Transport of pollutants by ocean currents

Ocean currents move slowly, and transport of pollutants from industrialised and densely populated areas may take several decades. Pollutants which are soluble in water and are discharged straight into the sea, or land on the sea as rain, are transported northwards by the ocean currents. Depending on how soluble in water they are, the pollutants may become bound to particles and sink to the seabed. Some areas of this kind may become what are called sinks, repositories for pollutants.


SLOW PROCESS  Transport of pollutants in the sea is a slow process and it may take years before they reach the Arctic. Photo: Ann Kristin Balto / Norwegian Polar Institute

Sea transport of pollutants to the Arctic is controlled by the current systems and the layering in the sea. Transport of pollutants in the sea is a slow process and it may take years before they reach the Arctic. They may then remain in the sea for a few years up to several centuries. Studies suggest that sea transport is the primary means of transport of PFOA to the Arctic.[1] It is also estimated that some 35 % of long-transported PCBsreaching Svalbard do so via the sea.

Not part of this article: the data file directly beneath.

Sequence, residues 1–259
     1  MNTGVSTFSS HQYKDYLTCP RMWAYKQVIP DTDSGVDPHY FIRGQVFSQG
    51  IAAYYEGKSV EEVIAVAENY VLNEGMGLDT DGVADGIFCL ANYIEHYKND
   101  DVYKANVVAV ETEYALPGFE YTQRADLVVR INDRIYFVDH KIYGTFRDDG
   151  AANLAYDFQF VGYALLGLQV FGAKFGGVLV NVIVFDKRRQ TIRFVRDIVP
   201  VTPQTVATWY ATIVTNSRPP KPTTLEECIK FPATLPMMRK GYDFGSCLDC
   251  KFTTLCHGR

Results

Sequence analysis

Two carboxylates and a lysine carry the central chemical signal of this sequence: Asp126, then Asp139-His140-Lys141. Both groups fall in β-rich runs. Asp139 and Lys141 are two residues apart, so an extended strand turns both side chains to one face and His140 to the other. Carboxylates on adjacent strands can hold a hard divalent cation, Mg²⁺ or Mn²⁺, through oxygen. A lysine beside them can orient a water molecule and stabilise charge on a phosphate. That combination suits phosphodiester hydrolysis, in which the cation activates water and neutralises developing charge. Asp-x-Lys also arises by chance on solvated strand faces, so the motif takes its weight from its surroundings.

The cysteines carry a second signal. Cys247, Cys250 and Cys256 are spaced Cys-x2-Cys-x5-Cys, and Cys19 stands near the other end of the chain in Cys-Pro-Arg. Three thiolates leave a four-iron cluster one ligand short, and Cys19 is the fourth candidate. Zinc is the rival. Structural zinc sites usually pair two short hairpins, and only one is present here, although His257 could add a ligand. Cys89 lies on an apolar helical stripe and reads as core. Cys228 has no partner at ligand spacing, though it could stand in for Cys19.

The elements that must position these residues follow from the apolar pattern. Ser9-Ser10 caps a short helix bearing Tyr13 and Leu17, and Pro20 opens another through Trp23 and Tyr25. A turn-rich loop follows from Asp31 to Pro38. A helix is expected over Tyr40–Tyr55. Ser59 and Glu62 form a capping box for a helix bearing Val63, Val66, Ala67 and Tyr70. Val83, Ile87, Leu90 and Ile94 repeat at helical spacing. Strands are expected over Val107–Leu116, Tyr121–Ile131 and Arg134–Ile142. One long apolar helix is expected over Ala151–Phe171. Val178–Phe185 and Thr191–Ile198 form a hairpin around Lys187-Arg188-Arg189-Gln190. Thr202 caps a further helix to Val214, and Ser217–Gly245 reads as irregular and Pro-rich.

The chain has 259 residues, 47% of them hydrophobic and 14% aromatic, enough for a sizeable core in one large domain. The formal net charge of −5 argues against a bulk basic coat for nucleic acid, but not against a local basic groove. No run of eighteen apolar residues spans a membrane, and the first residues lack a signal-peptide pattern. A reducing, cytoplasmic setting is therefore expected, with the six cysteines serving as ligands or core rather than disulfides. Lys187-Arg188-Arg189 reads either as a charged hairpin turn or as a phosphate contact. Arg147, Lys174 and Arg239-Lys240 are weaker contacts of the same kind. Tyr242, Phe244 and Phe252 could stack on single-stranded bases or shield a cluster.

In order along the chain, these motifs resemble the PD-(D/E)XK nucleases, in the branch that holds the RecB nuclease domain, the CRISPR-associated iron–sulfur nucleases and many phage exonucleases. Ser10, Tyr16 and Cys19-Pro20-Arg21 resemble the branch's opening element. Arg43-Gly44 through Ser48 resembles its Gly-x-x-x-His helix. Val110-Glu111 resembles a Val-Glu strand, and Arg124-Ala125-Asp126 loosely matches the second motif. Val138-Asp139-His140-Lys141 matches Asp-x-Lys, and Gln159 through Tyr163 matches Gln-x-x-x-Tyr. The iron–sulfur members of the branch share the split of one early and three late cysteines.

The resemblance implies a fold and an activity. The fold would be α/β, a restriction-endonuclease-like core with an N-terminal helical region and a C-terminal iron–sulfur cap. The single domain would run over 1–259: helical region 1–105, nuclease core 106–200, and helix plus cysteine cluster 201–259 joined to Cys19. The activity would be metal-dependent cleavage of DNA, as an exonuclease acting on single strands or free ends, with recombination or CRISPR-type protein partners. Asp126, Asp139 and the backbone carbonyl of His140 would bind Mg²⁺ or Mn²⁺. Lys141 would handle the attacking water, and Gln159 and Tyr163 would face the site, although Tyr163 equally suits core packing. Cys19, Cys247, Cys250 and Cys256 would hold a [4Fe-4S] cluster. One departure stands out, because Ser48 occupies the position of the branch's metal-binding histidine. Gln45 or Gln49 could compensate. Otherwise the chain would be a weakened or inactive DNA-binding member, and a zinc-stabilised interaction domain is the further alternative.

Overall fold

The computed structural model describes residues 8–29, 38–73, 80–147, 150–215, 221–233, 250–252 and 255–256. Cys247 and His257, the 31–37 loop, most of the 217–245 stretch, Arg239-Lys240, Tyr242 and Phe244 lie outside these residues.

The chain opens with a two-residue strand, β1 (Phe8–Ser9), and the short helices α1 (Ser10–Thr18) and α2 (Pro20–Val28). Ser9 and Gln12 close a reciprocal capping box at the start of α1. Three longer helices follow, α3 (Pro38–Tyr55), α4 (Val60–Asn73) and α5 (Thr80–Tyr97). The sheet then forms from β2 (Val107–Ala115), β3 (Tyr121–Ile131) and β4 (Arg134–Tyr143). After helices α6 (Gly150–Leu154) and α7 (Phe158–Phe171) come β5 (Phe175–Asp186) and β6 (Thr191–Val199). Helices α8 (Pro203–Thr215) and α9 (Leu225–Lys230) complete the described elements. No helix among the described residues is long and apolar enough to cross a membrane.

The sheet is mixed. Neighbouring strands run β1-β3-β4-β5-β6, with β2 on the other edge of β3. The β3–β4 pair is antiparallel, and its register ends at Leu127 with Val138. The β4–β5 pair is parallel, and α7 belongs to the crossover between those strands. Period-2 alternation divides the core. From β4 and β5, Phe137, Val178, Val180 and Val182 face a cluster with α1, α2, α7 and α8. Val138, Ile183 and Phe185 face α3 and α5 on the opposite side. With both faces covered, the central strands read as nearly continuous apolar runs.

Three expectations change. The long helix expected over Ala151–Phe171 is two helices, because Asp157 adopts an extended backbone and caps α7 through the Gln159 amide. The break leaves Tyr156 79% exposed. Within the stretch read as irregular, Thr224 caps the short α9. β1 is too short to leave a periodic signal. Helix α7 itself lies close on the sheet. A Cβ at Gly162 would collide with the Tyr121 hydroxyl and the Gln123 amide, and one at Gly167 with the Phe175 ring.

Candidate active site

Depending on how different radioactive substances behave in the marine environment, some may be transported by ocean currents over long distances. For instance, technetium-99, discharged into the sea from the nuclear fuel reprocessing plants at Sellafield and Cap de la Hague, may be traced along the entire North Atlantic coast right into the Barents Sea.

The slow movement of the ocean currents towards the pole also gives a time delay in respect to measures undertaken to prevent pollutants reaching the environment.

PFOA may occur in many products used on an everyday basis. The substance has water and fat repelling properties and is used as an impregnation agent to make products waterproof and dirt repellent. PFOA is toxic with repeated exposure, carcinogenic and may harm the reproductive system.


  1. I. Stemmler and G. Lammel 2010. Pathways of PFOA to the Arctic: variabilities and contributions of oceanic currents and atmospheric transport and chemistry sources. Atmos. Chem. Phys., 10, 9965-9980, 2010. DOI:10.5194/acp-10-9965-2010